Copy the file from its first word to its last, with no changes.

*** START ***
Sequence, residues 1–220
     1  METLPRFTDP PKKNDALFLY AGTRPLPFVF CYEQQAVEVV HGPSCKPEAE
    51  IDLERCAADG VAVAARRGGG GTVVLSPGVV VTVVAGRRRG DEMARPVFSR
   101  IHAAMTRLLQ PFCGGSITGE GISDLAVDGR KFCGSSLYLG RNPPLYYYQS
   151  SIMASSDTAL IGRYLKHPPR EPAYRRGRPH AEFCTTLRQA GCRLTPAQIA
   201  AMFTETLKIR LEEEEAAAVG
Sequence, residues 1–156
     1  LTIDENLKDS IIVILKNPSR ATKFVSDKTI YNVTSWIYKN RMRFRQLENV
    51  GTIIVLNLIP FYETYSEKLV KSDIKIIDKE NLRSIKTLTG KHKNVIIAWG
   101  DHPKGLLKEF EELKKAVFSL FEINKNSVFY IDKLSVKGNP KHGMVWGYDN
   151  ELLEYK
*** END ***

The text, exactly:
Sequence, residues 1–220
     1  METLPRFTDP PKKNDALFLY AGTRPLPFVF CYEQQAVEVV HGPSCKPEAE
    51  IDLERCAADG VAVAARRGGG GTVVLSPGVV VTVVAGRRRG DEMARPVFSR
   101  IHAAMTRLLQ PFCGGSITGE GISDLAVDGR KFCGSSLYLG RNPPLYYYQS
   151  SIMASSDTAL IGRYLKHPPR EPAYRRGRPH AEFCTTLRQA GCRLTPAQIA
   201  AMFTETLKIR LEEEEAAAVG
Sequence, residues 1–156
     1  LTIDENLKDS IIVILKNPSR ATKFVSDKTI YNVTSWIYKN RMRFRQLENV
    51  GTIIVLNLIP FYETYSEKLV KSDIKIIDKE NLRSIKTLTG KHKNVIIAWG
   101  DHPKGLLKEF EELKKAVFSL FEINKNSVFY IDKLSVKGNP KHGMVWGYDN
   151  ELLEYK